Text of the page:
Queer Irish people and allies form human chain to protect library from anti-LGBTQ book protest

Cork's Grand Parade city library.

A crowd of counter-protestors formed a human shield around a city centre library in Ireland, enabling it to remain open despite a right-wing rally taking place on the street outside. 

Cork City Library has been the focus of right-wing anger ire for months, with people harassing library staff in an attempt to get LGBTQ+ books removed from its shelves. 

On Saturday (2 September), about 300 people turned out in support of the library and its staff, and in opposition to the Ireland Says No rally, which was organised by conservative groups. 

The city council was previously forced to shut the library during another demonstration, out of fear for the safety of staff. 

During the course of the counter demonstration, groups of people, including from Cork Says No To Racism and Cork Rebels For Peace, waved Pride flags, held signs and sang songs.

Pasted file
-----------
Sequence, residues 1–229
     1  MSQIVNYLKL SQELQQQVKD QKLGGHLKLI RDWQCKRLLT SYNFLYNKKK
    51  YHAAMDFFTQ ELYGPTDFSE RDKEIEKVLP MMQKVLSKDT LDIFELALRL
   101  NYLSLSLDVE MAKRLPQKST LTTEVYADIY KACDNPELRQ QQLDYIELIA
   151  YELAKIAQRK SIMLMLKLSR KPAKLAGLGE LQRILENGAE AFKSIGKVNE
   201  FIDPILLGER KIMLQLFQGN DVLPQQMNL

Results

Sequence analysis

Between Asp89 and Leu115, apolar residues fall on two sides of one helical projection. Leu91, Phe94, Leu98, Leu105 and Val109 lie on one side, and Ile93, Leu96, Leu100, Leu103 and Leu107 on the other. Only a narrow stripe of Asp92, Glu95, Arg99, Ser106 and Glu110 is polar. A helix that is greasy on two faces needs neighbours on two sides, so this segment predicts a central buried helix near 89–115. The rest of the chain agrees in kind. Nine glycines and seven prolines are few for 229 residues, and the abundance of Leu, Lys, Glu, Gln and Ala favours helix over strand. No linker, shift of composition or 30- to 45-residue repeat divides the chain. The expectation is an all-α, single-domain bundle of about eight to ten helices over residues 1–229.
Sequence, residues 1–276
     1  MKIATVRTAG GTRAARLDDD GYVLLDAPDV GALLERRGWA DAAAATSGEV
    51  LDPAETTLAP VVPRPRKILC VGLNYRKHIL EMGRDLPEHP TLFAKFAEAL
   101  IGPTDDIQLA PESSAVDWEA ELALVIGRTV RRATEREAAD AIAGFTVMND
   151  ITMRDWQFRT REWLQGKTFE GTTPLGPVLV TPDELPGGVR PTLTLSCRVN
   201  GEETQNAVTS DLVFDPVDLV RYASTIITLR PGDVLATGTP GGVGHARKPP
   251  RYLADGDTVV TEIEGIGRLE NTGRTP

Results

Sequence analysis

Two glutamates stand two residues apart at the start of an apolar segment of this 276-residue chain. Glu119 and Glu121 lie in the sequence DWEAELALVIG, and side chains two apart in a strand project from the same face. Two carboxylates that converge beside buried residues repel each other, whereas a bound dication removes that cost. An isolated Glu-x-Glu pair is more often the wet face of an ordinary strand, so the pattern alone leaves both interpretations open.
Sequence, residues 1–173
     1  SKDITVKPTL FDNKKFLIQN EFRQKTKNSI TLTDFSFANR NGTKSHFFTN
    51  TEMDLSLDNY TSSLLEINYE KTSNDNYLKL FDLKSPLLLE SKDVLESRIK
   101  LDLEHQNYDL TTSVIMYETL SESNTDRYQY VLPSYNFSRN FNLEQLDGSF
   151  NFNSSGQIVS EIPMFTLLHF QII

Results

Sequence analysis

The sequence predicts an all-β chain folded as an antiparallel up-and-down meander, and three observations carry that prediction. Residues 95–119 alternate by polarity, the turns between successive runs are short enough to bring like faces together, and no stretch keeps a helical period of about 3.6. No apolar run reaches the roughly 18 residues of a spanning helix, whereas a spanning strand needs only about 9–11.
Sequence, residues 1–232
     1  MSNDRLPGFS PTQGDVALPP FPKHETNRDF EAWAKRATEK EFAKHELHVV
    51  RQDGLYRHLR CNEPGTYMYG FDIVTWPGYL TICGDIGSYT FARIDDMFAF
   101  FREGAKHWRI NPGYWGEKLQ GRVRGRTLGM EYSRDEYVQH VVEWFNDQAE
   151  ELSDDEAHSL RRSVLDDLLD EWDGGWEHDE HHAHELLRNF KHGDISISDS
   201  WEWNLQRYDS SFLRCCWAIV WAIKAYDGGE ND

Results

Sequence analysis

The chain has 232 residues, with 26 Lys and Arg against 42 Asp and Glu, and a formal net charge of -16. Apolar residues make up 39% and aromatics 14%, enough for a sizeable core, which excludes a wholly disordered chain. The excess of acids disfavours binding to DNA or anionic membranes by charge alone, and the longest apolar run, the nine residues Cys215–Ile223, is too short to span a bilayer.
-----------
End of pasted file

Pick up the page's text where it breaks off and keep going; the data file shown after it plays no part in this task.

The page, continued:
Speaking to CorkBeo, Sinn Féin councillor Mick Nugent said: “For me, it’s primarily in support of library workers in terms of what they’ve had to put up with over the past number of months. The library is open today, which is good, business as usual.” 

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“It’s about equality, it’s about liberty, it’s about fraternity and it’s about diversity. We’re supporting all communities that decided to make Cork their home.”

‘It’s important to take a stand’

Two women, who said they were members of the Irish Writers Union, told CorkBeo they were part of the counter-protest because the issue of library attacks is affecting the rest of the country.  

“We travelled down because this is not just affecting Cork, there have been attacks like this on libraries across Ireland and it’s important to take a stand, support the workers who are being targeted and support the right of libraries to have the right to choose the books they want to have,” they said. 

One person was arrested, the Garda Síochána (the Irish police force) confirmed, following the demonstrations. 

“Gardaí in Anglesea Street attended the scene of a protest at a premises in Cork city. During the course of the protest, one male [in his] late twenties was arrested under the Public Order Act 1994 and was dealt with accordingly,” a police spokesperson told The Echo

“No further incidents arose and the group dispersed peacefully.”